“There really is a disagreeable smell,” she said, raising her eyebrows. “What can it be from? Stepan, open the pane in the drawing-room, and light the fire.”
With much bustle and many exclamations, she went through all the rooms, rustling her skirts and squeezing the sprayer with a hissing sound. And Orlov was still out of humour; he was obviously restraining himself not to vent his ill-temper aloud. He was sitting at the table and rapidly writing a letter. After writing a few lines he snorted angrily and tore it up, then he began writing again.
“Damn them all!” he muttered. “They expect me to have an abnormal memory!”
At last the letter was written; he got up from the table and said, turning to me:
“Go to Znamensky Street and deliver this letter to Zinaida Fyodorovna Krasnovsky in person. But first ask the porter whether her husband —that is, Mr. Krasnovsky—has returned yet. If he has returned, don’t deliver the letter, but come back. Wait a minute! . . . If she asks whether I have any one here, tell her that there have been two gentlemen here since eight o’clock, writing something.”
I drove to Znamensky Street. The porter told me that Mr. Krasnovsky had not yet come in, and I made my way up to the third storey. The door was opened by a tall, stout, drab-coloured flunkey with black whiskers, who in a sleepy, churlish, and apathetic voice, such as only flunkeys use in addressing other flunkeys, asked me what I wanted. Before I had time to answer, a lady dressed in black came hurriedly into the hall. She screwed up her eyes and looked at me.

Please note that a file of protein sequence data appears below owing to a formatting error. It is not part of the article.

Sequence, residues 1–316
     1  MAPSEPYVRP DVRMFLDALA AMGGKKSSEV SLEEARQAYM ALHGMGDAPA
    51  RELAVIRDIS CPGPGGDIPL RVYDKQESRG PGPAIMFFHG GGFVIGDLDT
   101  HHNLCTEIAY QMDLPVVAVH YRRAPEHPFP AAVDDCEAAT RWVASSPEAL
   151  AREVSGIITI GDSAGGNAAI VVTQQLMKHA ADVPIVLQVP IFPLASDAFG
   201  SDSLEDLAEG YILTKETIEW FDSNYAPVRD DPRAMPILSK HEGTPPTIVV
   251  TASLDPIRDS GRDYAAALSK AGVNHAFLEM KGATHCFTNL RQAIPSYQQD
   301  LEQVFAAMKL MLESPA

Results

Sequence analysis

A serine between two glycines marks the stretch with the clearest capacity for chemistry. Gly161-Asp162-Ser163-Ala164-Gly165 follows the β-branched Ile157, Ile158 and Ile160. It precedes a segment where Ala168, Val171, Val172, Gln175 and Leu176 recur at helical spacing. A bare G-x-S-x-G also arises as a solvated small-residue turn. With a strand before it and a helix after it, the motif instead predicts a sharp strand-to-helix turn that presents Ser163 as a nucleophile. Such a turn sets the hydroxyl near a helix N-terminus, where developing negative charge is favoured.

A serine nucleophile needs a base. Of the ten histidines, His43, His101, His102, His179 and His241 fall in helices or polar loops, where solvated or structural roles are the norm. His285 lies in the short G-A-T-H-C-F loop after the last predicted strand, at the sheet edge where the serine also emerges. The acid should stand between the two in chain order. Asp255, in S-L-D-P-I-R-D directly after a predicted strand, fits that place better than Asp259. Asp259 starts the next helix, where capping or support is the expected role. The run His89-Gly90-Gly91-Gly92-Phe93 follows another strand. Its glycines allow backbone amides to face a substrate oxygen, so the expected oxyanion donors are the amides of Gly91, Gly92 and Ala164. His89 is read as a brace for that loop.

“Is Zinaida Fyodorovna at home?” I asked.
“That is me,” said the lady.
“A letter from Georgy Ivanitch.”
She tore the letter open impatiently, and holding it in both hands, so that I saw her sparkling diamond rings, she began reading. I made out a pale face with soft lines, a prominent chin, and long dark lashes. From her appearance I should not have judged the lady to be more than five and twenty.
“Give him my thanks and my greetings,” she said when she had finished the letter. “Is there any one with Georgy Ivanitch?” she asked softly, joyfully, and as though ashamed of her mistrust.
“Two gentlemen,” I answered. “They’re writing something.”
“Give him my greetings and thanks,” she repeated, bending her head sideways, and, reading the letter as she walked, she went noiselessly out. I saw few women at that time, and this lady of whom I had a passing glimpse made an impression on me. As I walked home I recalled her face and the delicate fragrance about her, and fell to dreaming. By the time I got home Orlov had gone out.